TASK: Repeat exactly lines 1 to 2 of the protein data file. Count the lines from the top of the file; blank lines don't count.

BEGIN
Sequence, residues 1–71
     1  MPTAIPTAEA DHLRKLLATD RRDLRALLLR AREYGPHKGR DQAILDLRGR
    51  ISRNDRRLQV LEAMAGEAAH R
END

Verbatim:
Sequence, residues 1–71
     1  MPTAIPTAEA DHLRKLLATD RRDLRALLLR AREYGPHKGR DQAILDLRGR